Is ASOS the Amazon of online fashion retailing?
Retailers hate having to peg their ambitions to a larger, braver competitor that keeps on doing outrageous things that force us all to redefine retailing. But that’s what life is like for many who live with the simple fact of Amazon. Who cares if drone deliveries, POS-free retail and push-button ordering never take off. Got you worried, right?
And now here is another Amazon, but doing things very differently. ASOS’ 2016 Christmas sales went up by a whopping 36%, and international sales went up by 52%,. This pretty much dwarfed interest in plenty of larger retailers who also had a good Christmas. Does anyone know why? Here’s what we do know.
ASOS is able to provide the same quality of service to its customers in every territory in which it trades. So, customers in Australia get the same page loads, site availability and browsing and checkout experience as customers in its UK home territory. Why does this matter? Because no customers want to be treated as second class citizens just because they are shopping with a ‘foreign’ brand. Global brand building is about consistency.
Secondly, ASOS can scale in ways that retailers ten times their size cannot. This matters already, as we know from all the brands whose sites crashed during the 2016 Black Friday peak. By the way, have any of those retailers fixed their peak problems yet? No. That’s because it’s not cheap or easy to do.
This is not just about buying more servers, but about investing in all the areas that enable hyperscale commerce. Not to get too techy, but if you consider the sheer weight of processing needed to manage transactions, it is clear that many ecommerce platforms are not up to it – even the biggest and best-known.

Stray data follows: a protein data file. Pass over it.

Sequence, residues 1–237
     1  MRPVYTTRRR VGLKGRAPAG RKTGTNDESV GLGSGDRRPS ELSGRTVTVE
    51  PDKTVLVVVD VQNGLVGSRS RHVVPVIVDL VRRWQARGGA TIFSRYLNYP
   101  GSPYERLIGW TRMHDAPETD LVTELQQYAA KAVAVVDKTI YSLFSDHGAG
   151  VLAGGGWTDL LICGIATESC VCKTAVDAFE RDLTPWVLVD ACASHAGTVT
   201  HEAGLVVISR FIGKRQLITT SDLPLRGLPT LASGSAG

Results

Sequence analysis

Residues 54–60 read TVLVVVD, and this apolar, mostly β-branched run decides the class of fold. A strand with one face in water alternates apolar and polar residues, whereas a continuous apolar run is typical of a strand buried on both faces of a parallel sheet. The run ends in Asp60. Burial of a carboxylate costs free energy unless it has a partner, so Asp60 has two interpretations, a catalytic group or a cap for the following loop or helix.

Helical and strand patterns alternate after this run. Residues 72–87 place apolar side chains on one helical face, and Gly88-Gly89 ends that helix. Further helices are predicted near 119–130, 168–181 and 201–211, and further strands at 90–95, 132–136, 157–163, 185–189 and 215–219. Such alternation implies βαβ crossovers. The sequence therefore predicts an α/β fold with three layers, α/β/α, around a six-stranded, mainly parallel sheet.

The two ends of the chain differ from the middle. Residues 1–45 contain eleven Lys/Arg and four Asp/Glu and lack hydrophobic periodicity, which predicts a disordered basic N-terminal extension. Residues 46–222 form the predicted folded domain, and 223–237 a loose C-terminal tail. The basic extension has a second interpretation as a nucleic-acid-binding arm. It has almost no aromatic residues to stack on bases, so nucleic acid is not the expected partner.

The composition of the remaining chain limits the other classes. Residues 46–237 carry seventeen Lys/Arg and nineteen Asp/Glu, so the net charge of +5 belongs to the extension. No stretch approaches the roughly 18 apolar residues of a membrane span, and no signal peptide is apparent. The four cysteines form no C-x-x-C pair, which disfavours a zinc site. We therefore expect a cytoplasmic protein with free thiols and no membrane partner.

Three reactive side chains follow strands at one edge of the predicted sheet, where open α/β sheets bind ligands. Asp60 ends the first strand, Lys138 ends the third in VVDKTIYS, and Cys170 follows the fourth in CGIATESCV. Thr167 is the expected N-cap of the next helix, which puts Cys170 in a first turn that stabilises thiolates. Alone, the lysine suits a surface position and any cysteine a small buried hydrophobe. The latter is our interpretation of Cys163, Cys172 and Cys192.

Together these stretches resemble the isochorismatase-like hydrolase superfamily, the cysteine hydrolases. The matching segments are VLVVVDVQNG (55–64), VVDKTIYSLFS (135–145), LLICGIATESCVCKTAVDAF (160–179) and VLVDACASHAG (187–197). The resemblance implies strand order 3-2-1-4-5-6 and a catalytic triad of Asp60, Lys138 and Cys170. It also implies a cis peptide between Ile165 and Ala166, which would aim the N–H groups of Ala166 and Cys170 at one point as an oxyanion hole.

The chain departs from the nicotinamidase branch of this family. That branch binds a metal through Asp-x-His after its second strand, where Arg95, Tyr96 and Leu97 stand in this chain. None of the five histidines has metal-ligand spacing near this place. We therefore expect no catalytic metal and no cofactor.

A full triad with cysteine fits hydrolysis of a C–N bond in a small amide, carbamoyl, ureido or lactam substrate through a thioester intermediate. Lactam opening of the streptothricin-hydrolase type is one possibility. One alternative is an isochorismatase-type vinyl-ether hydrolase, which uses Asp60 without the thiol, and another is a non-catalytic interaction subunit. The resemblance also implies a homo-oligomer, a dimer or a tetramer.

The vendors delivering these solutions are few and far between, and the incumbents claim to be able to deliver,, but can’t. One business owner we know describes the big ecommerce platform vendors’ solutions as something that comes out of the back end of a horse. They do not have scale, and also force retailers to adopt user experiences that look the same as their competitors.
New vendors are all cloud-first, principally because retailers need agility, and creaky in-house systems or inflexible third-party server contracts don’t deliver.
The bottom line is, ASOS has a platform that can support its incredibly ambitious growth plans. Other retailers will need to have a rethink, ideally before the next big spike. And considering that, over Christmas, most of the growth retailers got came from online, who’d be daft enough to miss the next opportunity?